Step Six {Day 2}: Lay out your cake on a cake card-board cut about ¼ inch larger than the tier of cake. Then, spray the cake with simple syrup, or brush with your favorite liquor. Then take white icing and pipe it around the layer, and fill the inside of the area with your filling flavor, this prevents the filling from seeping out the edge of the cake. Then take the top of the layer and set it on the top of the filling and give it a light press. You want to make sure it's level at this point. So take a clean level and place it on top of the cake {I used a piece of cling wrap and set that on top of the cake, and then set the level on top of that} and then cut the cake top until it's completely level. If this is the bottom layer, stick the dowel in there and mark it with your finger or an edible maker so that you know where the top of the cake is, and cut 4 or more dowels {for a 12 inch cake} at exactly the same length. And stick them into the cake – so that when the next layer sits on top, its level.

Step Seven: Do the same with the additional layers. Also be sure that the sides aren't sloped and if they are take a clean kitchen sheer and cut with scissors so that there is a 90 degree angle to the cake.

Step Eight: Crumb Coat… you take a thin coat of Butter Cream {or frosting} and coat the cake(s) so that you can almost see through the cake, still making sure they are level, then place your unwrapped, but crumb-coated cakes in the fridge.

Step Nine {Day 3}: Take your cakes out of the fridge add extra Butter Cream {or frosting} to the cakes, about an 1/8 of an inch thick all around ensuring your edges stay crisp.

Step Ten: If you are using fondant, then color your fondant, first work the fondant in your hands to soften the fondant, then put a few drops of icing coloring to the fondant and work it, and work it, until the color is completely uniform all around.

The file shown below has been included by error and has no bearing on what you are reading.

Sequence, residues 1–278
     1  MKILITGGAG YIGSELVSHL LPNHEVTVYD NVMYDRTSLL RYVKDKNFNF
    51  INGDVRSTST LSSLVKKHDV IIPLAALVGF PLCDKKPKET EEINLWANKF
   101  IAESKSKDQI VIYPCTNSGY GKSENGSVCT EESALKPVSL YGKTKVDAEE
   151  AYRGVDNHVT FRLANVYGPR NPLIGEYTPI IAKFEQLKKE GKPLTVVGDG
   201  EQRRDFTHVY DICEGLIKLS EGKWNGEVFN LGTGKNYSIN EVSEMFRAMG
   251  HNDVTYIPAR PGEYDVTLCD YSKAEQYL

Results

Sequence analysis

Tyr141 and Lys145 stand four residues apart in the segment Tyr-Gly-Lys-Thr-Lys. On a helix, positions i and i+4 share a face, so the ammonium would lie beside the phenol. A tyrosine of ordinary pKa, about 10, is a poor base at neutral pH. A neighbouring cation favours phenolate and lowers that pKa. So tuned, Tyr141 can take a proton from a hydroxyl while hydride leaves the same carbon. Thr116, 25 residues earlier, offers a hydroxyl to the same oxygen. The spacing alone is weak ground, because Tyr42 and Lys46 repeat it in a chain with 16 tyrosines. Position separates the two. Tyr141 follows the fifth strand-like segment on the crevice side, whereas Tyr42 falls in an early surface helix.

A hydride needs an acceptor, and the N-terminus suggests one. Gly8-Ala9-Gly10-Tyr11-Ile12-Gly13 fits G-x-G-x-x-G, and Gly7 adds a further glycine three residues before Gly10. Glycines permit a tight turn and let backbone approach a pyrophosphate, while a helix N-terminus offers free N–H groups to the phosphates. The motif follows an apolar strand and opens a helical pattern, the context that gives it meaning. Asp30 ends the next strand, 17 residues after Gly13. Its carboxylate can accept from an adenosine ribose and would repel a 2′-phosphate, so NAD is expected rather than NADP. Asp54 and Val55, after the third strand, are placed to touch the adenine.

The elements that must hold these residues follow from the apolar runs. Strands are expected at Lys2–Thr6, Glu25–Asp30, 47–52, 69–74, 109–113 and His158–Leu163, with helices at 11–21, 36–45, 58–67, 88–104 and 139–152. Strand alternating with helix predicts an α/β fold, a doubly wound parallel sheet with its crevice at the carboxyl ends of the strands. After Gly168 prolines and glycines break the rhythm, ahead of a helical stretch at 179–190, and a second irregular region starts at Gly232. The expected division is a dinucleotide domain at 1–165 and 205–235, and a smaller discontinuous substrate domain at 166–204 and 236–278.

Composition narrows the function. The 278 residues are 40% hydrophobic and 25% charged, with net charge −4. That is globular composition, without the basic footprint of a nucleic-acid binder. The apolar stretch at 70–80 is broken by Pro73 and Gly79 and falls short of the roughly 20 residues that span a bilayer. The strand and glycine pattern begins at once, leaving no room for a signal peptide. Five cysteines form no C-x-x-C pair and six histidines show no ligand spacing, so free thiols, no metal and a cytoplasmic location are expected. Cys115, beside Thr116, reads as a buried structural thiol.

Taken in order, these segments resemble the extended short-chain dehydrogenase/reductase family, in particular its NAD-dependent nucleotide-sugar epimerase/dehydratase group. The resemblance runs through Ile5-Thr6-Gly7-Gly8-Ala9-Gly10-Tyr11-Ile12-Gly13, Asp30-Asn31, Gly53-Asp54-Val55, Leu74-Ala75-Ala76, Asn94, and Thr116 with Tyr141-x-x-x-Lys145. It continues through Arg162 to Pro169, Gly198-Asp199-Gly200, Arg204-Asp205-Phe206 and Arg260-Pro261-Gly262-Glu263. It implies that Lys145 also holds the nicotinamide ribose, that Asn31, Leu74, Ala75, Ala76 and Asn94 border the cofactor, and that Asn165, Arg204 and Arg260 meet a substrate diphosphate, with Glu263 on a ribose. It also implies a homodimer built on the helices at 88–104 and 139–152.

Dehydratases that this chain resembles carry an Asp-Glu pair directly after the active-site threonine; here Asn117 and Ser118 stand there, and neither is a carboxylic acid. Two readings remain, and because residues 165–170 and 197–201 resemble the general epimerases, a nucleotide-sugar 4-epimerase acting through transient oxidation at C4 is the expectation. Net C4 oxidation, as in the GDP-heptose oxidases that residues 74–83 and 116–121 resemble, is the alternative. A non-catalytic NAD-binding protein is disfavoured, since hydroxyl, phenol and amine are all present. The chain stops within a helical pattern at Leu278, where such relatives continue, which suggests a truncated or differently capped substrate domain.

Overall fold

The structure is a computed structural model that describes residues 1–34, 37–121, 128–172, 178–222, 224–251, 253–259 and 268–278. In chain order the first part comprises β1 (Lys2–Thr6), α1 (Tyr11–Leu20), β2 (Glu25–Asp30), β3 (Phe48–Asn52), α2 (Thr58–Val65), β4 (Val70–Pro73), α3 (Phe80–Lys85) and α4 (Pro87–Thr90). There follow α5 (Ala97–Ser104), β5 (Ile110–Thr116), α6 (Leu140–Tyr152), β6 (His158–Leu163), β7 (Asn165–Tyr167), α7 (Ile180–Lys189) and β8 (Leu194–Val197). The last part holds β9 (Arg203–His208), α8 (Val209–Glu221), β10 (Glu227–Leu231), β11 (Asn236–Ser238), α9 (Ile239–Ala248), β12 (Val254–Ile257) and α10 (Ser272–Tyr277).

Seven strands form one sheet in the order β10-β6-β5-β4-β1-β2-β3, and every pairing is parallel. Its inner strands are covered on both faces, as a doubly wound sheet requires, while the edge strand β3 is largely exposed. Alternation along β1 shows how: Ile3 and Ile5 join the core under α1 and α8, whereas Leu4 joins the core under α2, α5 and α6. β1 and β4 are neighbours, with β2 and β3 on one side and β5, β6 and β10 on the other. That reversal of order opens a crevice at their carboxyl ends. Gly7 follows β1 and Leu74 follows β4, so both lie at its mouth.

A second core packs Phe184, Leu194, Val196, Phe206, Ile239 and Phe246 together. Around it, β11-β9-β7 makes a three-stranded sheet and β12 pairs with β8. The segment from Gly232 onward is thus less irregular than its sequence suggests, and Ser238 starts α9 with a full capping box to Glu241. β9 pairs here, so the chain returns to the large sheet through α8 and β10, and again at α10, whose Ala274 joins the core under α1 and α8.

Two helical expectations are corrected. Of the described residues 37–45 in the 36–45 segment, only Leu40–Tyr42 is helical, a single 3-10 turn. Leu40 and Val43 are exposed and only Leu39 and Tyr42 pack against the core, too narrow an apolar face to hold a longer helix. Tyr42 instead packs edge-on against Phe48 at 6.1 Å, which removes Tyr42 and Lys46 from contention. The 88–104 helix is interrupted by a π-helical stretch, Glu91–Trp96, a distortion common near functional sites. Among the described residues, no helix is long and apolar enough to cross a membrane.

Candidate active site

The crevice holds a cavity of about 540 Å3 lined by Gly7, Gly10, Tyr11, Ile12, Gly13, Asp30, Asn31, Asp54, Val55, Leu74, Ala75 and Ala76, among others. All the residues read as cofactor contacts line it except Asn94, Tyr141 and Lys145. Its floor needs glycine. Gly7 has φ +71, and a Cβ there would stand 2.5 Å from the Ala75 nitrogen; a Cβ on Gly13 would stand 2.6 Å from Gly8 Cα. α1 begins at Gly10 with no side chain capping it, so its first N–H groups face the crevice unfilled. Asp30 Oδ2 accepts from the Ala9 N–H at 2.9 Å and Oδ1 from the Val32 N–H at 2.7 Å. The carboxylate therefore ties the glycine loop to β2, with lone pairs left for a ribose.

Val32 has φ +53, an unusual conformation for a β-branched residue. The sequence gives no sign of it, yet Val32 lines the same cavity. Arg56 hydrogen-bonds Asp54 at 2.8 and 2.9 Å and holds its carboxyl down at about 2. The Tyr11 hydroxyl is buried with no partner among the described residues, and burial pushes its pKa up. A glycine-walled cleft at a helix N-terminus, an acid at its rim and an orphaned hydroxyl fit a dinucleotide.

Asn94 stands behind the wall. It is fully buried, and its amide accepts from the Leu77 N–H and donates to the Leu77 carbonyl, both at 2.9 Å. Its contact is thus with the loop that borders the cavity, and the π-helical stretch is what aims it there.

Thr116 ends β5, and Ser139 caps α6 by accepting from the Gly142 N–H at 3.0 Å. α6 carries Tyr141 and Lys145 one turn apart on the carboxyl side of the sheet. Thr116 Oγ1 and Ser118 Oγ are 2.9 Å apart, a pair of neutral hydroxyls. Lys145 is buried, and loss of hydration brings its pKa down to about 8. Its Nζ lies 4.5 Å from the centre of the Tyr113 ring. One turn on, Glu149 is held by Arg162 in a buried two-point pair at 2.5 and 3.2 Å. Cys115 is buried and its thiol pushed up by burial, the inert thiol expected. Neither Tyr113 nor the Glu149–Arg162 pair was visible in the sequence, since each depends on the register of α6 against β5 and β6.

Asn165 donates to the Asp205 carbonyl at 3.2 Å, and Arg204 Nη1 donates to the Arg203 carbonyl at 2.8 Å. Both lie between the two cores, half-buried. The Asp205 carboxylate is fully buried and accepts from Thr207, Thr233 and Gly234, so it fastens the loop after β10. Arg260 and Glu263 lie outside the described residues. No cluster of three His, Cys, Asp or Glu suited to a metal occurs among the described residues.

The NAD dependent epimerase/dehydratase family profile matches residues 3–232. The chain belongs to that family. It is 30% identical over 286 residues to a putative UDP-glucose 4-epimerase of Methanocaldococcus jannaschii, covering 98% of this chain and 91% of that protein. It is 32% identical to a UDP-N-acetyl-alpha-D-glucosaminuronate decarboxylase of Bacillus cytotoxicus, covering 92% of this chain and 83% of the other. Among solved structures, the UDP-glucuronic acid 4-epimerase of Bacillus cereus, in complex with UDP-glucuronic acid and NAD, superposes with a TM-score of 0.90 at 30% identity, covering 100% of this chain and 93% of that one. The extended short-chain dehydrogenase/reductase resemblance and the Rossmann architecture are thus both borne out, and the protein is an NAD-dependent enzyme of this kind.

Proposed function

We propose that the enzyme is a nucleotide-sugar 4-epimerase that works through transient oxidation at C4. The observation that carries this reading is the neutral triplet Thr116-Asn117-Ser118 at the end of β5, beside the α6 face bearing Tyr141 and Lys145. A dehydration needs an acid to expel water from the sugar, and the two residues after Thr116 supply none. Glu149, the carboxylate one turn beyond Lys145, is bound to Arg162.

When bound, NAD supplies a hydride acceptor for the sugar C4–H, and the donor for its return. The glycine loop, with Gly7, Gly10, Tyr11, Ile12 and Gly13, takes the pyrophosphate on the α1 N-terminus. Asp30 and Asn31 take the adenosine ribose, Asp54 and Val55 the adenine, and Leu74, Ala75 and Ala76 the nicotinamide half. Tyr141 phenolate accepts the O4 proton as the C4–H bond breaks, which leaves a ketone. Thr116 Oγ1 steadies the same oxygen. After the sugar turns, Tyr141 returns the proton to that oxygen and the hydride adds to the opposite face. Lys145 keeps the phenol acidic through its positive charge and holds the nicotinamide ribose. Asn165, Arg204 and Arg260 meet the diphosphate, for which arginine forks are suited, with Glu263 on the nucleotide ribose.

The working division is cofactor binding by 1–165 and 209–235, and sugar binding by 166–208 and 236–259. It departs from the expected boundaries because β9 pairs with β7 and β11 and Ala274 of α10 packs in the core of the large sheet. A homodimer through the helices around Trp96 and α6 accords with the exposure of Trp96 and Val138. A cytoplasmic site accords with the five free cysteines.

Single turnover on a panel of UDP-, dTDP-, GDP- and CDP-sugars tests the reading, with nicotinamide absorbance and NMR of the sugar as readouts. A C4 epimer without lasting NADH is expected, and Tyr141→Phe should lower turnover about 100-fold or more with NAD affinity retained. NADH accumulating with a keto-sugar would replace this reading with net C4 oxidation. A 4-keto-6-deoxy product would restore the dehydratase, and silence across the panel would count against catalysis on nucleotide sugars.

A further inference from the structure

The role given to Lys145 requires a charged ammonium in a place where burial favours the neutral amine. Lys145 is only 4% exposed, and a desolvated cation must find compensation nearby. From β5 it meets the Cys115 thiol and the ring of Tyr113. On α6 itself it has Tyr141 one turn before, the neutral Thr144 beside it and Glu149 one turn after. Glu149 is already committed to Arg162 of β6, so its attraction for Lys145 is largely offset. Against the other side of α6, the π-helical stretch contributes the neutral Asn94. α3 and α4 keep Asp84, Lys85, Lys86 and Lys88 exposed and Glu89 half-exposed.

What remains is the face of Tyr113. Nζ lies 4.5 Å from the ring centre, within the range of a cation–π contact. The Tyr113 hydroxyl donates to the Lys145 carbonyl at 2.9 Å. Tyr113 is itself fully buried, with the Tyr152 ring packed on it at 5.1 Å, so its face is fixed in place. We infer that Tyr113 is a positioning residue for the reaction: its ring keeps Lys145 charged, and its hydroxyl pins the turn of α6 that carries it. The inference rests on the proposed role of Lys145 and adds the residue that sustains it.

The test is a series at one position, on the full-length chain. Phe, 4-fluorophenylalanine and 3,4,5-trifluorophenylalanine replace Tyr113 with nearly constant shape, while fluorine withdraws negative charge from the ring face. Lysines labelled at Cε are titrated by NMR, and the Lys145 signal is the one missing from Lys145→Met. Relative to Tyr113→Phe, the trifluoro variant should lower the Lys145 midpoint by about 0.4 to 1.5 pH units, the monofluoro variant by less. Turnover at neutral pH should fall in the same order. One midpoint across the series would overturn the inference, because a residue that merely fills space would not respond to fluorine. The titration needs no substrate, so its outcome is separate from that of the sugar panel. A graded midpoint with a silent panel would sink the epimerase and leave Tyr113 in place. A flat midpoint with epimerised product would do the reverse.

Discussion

Step Eleven: Then roll out the fondant {for the round cakes} with a large heavy rolling pin or a fondant roller. It's a tough job, and you'll get your exercise, you'll want to roll the round about one foot plus bigger on all sides. Rolling it to about 1/8 of a inch thick.

(Melissa looks fabulous even when she is half covered in flour.)

Step Twelve: This is the scary part, roll the fondant sheet up around the rolling pin, and then carefully drape the fondant over the cake. At this point you need to make sure the fondant isn't folded, pleated, and is smooth, definitely use a fondant smoother. And smooth, smooth, smooth!

Step Thirteen: When it comes time to layer your cake, especially if you are transporting the cake, to avoid disaster, don't layer them ahead of time!!! When you arrive at your destination just slide the cake(s) into place and don't use royal icing to stick the layers together, just let them stay, they won't sink because of the dowels. It'll be beautiful and perfect! I promise!

Then it comes time to decorate your cakes, you can use royal icing in a stencil, or make embellishments like I did (bugs)… but really go at it, have fun! Let your personality shine through! If you are "sticking" things to the cake, use royal icing, it works like super glue, but it's edible!

(And Voila! That's one awesome cake!)

If you have any questions, I am certainly not an expert, but I'll be more than happy to help! Email me: Melissa {at} masterpieceweddings {dot} net or leave a comment here on Earth Friendly Weddings! Thanks again Jen for having me, this was a lot of fun!!!


carolina @ patagonia gifts said...

Oh Melissa, thank you for this awesome tips! It looks so easy this way! I'll be using a lot of them in my next cake. xo

Amanda said...

This is very impressive! I thought about trying my own fondant peonies for my cake- but I'm not nearly talented enough. For now I'll just live vicariously through your beautiful posts! :)

Kelley at My Island Wedding said...

That is the coolest cake I have ever seen!!! You suppose she'll do my 40th birthday? hee-hee.

I love that she did a sketch first.

Amazing, thanks for sharing

The Pissed Off Bride said...

Great tips. The cake lookss realllyyy goooodddd!!!

Damn my diet!!! Now, I want cake. . .thanks! lol.